DDS & TSN to Develop Single Hardware Solution for Real-Time Data | RTI
Written by Rajive Joshi
February 21, 2019
The Industrial Internet of Things (IIoT) works by leveraging real-time data from multiple sources to create smarter applications and systems. This requires syntactic interoperability – the ability to exchange structured data in a discoverable and unambiguous manner. It is a minimum requirement of the connectivity infrastructure for building IIoT components and systems.
The Industrial IoT Connectivity Framework (IICF) by the Industrial Internet Consortium defines an IIoT connectivity stack and assigns the “Framework Layer” with the responsibility of providing syntactic interoperability for data exchange to the applications above, while hiding away the details of the underlying transports and networks (Figure 1). The framework layer is typically implemented in software, while the lowest layers are implemented in hardware.
Such an approach makes it easy for IIoT application and component developers to focus on defining and using structured data models, quality of service (QoS) for governing the data exchange, and security policies around data-objects, without having to worry about lower level details. Thus, using a connectivity framework reduces integration cost and time to market.
Figure 1. The IIC IIoT Connectivity Stack
The need for a standardized connectivity framework layer is fairly well established in the operational technology (OT) space since the applications and components are typically built by an ecosystem of suppliers that all need to work together while meeting critical performance requirements. However, it is still a relatively new concept in the information technology (IT) space, where developers are used to building ad-hoc, application-specific data exchange layers in software, favoring familiarity over performance. The IICF identifies several IIoT software connectivity framework standards. Using a standardized software connectivity framework allows vertical industry communities to develop common shared data model repositories that further accelerate markets.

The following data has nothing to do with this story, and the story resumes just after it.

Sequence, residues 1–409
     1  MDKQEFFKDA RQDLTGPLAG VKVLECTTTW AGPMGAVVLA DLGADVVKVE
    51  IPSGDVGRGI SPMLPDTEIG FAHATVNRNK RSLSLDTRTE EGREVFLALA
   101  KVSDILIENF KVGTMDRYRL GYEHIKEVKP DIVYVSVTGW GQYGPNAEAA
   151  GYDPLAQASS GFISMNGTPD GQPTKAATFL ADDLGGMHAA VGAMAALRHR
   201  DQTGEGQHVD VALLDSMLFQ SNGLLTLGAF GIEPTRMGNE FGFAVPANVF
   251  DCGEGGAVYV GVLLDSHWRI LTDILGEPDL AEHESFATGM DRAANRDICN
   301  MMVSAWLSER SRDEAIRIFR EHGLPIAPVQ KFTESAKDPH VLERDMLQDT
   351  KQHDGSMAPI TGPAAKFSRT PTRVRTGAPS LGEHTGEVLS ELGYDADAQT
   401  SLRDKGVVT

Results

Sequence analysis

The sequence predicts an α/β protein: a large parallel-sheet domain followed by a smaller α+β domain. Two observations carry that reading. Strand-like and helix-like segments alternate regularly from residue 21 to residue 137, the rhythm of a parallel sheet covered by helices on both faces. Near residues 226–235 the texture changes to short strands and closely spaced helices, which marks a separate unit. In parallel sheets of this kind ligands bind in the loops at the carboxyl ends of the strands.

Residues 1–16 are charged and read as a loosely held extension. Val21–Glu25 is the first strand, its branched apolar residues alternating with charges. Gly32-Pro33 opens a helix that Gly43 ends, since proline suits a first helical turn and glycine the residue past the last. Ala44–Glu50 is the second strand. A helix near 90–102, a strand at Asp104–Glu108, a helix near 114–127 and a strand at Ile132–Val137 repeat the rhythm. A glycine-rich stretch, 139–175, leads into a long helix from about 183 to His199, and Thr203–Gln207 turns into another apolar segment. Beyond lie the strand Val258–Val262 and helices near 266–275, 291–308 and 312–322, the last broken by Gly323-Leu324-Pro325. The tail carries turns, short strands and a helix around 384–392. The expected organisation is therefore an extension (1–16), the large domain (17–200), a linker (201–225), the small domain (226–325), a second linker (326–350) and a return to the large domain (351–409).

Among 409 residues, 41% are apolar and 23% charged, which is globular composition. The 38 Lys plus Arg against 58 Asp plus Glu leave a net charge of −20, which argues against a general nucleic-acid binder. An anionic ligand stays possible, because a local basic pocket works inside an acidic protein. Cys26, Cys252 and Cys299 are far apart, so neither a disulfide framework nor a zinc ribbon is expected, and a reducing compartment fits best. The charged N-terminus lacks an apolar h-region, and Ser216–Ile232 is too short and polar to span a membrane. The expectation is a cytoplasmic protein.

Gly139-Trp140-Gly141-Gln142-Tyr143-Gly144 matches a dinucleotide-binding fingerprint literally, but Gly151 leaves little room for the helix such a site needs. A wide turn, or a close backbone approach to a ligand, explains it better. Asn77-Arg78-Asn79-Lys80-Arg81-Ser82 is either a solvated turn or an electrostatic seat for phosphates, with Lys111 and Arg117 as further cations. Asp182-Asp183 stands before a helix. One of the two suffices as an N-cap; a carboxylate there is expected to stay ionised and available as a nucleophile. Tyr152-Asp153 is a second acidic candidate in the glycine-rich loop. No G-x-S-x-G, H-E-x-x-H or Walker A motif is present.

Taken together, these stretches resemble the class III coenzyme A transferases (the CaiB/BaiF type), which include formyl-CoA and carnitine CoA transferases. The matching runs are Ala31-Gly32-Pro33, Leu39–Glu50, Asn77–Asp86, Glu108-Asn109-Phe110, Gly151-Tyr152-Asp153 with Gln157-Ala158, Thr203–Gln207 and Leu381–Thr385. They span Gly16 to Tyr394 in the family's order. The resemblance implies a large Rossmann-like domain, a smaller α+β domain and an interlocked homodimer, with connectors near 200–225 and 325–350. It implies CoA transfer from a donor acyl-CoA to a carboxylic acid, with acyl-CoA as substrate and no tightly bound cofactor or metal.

For software integration and autonomy, the IICF identifies the Object Management Group® (OMG) Data Distribution Service (DDS) as a connectivity core standard. DDS is actually a family of software specifications that define a software databus for real-time systems, where latency, jitter, throughput, scalability and availability of data flows is critical. DDS supports not only time-sensitive OT communications requirements, but also IT communications needs; and thus, it is an ideal choice for building next-generation IIoT systems. In fact, adoption of DDS in IIoT applications and use cases continues to grow. Vertical market-focused software standards are emerging on top of DDS in automotive (with AUTOSAR Adaptive), robotics (with ROS2), smart grid (with OpenFMB), avionics (with FACE), medical (with OpenICE), military vehicles (with GVA), and so on.
For time-sensitive applications, hardware innovation continues below the network layer of the connectivity stack (Figure 1). Recently IEEE Time Sensitive Networking (TSN) standards have emerged to provide guaranteed packet transport with bounded low latency, low packet delay variation and low packet loss. TSN is a family of hardware specifications that are used together in a coordinated fashion. The basic components of TSN (Figure 2) include
- Time synchronization: All devices that are participating in real-time communication have a common, synchronized understanding of time.
- Scheduling and traffic shaping: All devices that are participating in real-time communication adhere to the same rules in processing and forwarding communication packets.
- Selection of communication paths, path reservations and fault-tolerance: All devices that are participating in real-time communication adhere to the same rules in selecting communication paths and in reserving bandwidth and time slots, possibly utilizing more than one simultaneous path to achieve fault-tolerance.